Having trouble sleeping at night? Then you should definitely give camping a try. A new study from the University of Colorado revealed that outdoor activities, such as camping, can do wonders for our sleep, especially during winter. This study also shows that camping can help level off the circadian rhythm, making us feel more rested and can potentially promote a better mental health.
Dr. Kenneth Wright of the University of Colorado declared that our sleep cycle is inadvertently affected by overexposing to electronic devices which emit blue light such as mobile phones, tablets, computer screens, and TVs.
As a result, we are no longer capable of maintaining our ancestor’s sunup/sundown sleep cycle. Nowadays, we rely heavily on artificial light, spending less time outside in the sun. Naturally, the consequence of this action is an abnormal sleep/wake rhythm, which can ultimately put us in danger, since sleep disorders have been associated with conditions such as obesity, heart disease, and depression.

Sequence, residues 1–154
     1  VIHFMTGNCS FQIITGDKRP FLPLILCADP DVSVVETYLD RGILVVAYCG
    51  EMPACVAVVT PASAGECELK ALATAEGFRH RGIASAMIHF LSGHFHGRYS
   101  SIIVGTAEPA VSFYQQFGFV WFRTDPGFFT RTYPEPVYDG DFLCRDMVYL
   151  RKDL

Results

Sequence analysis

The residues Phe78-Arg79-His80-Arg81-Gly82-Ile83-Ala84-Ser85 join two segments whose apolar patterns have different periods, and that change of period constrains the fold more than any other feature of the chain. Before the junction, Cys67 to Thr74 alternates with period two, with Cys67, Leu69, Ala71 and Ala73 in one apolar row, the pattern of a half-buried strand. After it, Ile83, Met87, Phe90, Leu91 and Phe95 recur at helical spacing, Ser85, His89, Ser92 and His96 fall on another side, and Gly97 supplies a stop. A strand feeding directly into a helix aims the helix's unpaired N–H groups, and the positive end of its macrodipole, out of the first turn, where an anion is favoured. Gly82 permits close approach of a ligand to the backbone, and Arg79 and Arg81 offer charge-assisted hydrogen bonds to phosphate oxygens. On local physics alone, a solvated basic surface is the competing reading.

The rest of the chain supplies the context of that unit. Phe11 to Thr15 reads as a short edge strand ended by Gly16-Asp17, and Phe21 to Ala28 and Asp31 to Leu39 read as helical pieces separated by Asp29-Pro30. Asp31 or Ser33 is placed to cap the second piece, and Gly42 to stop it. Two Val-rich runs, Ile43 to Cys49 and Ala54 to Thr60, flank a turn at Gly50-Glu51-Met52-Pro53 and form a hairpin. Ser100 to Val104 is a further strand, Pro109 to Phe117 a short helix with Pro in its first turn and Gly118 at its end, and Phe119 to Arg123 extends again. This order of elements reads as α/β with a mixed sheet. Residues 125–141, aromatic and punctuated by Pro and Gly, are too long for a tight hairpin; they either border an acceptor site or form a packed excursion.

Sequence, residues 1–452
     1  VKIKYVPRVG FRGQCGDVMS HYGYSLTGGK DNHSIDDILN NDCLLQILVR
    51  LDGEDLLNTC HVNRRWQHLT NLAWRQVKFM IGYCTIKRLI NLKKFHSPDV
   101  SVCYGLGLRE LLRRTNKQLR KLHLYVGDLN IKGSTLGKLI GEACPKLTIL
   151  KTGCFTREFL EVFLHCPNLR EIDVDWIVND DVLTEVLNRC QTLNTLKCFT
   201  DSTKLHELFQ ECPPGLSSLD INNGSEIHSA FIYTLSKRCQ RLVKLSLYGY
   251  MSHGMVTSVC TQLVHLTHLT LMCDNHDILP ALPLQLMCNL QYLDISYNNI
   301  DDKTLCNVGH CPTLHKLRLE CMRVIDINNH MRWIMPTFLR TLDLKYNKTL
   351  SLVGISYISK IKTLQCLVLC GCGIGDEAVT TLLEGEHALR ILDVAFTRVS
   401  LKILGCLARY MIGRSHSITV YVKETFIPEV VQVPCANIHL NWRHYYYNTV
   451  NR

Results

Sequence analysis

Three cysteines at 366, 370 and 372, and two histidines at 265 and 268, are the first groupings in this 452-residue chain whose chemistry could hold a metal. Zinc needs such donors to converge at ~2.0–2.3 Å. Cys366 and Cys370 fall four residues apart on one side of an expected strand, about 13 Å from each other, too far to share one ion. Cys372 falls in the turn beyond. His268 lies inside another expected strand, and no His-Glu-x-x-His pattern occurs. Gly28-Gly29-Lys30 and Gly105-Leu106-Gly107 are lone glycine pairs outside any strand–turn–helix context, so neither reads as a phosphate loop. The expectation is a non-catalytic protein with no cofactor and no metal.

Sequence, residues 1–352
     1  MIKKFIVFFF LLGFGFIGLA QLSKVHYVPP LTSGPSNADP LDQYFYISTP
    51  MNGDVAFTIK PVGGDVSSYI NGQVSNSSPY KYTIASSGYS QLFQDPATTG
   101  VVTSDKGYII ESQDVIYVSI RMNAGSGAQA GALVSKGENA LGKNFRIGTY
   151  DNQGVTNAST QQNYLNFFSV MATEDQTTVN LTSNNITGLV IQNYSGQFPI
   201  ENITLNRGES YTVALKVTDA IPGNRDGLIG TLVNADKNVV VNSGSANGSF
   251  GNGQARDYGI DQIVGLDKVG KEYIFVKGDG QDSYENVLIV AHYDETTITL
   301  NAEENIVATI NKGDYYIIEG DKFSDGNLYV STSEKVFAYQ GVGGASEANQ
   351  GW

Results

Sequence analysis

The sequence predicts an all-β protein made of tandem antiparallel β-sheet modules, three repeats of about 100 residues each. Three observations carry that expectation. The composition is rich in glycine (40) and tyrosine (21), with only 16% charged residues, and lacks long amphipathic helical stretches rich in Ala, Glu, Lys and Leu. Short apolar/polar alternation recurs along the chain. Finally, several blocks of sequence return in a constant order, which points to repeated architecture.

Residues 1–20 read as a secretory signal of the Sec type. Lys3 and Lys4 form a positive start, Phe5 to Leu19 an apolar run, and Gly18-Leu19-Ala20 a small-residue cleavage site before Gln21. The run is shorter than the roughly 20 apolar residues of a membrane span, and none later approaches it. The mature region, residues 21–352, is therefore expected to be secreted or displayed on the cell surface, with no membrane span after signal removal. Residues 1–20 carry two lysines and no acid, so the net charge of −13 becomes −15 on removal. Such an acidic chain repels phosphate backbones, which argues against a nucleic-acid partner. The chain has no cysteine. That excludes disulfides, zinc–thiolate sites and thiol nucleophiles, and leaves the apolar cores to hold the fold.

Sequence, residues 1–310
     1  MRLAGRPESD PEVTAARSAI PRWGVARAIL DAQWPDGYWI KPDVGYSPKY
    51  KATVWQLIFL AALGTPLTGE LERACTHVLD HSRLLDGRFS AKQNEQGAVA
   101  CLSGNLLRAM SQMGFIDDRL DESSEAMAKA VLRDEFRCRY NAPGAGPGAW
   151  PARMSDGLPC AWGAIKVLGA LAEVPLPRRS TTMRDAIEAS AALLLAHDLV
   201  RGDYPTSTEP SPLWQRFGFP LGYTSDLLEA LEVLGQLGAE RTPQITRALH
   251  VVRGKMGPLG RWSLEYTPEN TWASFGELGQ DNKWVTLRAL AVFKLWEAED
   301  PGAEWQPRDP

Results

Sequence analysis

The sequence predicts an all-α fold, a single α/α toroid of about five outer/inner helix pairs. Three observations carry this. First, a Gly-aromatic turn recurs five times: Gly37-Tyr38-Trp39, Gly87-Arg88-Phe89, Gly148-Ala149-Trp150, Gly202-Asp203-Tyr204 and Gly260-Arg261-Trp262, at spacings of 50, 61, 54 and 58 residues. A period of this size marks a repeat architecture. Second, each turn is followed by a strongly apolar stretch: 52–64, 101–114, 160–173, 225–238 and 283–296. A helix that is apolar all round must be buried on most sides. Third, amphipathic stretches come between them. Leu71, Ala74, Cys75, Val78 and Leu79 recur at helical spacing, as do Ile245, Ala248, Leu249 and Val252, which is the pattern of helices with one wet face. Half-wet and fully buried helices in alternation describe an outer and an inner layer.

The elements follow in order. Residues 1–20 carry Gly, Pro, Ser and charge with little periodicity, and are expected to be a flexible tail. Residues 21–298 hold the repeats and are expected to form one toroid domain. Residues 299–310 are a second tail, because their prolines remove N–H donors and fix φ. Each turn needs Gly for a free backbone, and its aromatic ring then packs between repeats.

But Wright and his might have found a solution which can help us sleep better and wake up feeling more rested and energic – camping. Over the last years of research, Wright and his team have observed that people who tend to spend more time outdoors are more likely to hit the sack earlier than people staying indoors.
Punching the numbers, Wright’s team discovered that people who went on a camping trip, especially during the winter, tend to go to bed 2.5 hours earlier than they would normally do at home. However, the study also pointed out that people camping tend to wake up later than they would do if stuck at home, but Wright said that this aspect might be related to the fact that they are not brave enough to face the cold, and prefer to spend an extra hour or two lying in the sleeping sack.
Although Wright and his team declared that the study does not reveal a direct connection between sleeping disorders and camping, the findings indeed suggest that people who spend more time outside in the sun, or taking night walks tend to sleep better and have a more efficient immune system that people staying indoor with heads buried in devices that emit blue light.
However, more research is needed in order to see how outdoor conditions can affect melatonin production. For now, Wright and his team have recommended as much time spend outdoors as possible.
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